5. There are lots of thick and fascinating books on the Enneagram, but if you haven’t read any yet, I suggest the primer called The Road Back to You. It’s an easy read and should help you define your type.

If you are new to the Enneagram, try to not get too attached to the number until you’ve given yourself time to try it on. Remember the Enneagram is NOT a personality box to define you, it’s about going on a journey to wake up and discover who you were before the narcissist told you who to be.


You Might Have Been Raised by a Narcissist

If you grew up with a parent
who put their needs above yours,
you might have been raised by a narcissist.

If you were in charge of cleaning house for your parents, you might have been raised by a narcissist.

If you’ve been lying to bill collectors since you were five, you might have been raised by a narcissist.

If you grew up not knowing your relatives because your parent didn’t like them, you might have been raised by a narcissist.

If you grew up with flying monkeys and know how to avoid them, you might have been raised by a narcissist.

If you were neglected by parents who ignored your needs, you might have been raised by a narcissist.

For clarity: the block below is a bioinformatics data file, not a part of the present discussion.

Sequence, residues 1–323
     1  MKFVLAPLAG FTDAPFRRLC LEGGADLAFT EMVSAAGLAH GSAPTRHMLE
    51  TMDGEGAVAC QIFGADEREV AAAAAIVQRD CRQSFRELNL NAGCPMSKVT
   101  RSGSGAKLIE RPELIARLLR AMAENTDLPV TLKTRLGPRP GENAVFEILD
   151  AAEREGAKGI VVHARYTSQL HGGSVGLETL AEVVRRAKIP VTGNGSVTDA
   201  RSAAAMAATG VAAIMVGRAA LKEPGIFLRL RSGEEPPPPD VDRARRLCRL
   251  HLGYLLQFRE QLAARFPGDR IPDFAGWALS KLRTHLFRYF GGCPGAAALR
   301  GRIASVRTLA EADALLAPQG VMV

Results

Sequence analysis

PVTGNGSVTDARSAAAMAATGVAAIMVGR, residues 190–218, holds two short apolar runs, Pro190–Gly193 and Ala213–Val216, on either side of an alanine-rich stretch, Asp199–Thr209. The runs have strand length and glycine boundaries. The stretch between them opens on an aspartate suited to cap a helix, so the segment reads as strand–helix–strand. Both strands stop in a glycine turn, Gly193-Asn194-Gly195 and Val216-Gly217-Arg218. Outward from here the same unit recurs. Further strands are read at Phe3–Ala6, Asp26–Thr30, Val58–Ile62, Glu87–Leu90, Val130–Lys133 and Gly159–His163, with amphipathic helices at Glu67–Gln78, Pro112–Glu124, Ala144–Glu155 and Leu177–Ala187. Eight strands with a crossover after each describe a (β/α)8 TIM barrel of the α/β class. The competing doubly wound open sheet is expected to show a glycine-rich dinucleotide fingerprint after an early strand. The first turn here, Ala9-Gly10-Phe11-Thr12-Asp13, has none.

If you have night terrors about moving again, you might have been raised by a narcissist.

If you’ve worn out the carpet walking on eggshells, you most definitely have been raised by a narcissist.

If you kept the family secrets from the church, cops and neighbors, you might have been raised by a narcissist.

If you dreamed of being yourself, but were afraid to anger your parent, you might have been raised by a narcissist.

If you spent any part of your childhood hiding your body or your soul, you might have been raised by a narcissist.

If you have PTSD whenever you walk near the belt section in a department store, you might have been raised by a narcissist.

If you had to get up early to make coffee for your parents, you might have been raised by a narcissist.

If you’ve been hit because the car wouldn’t start, you might have been raised by a narcissist.

If you earned money, but your parents spent it, you were probably raised by a narcissist.

If you grew up being told white lies don’t hurt anyone, you might have been raised by a narcissist.

If you’ve felt guilty or sorry for being born, you might have been raised by a narcissist.

If you’ve groveled to a parent who never apologizes, you might have been raised by a narcissist.

If you’ve been fired because you can’t stop apologizing, you might have been raised by a narcissist.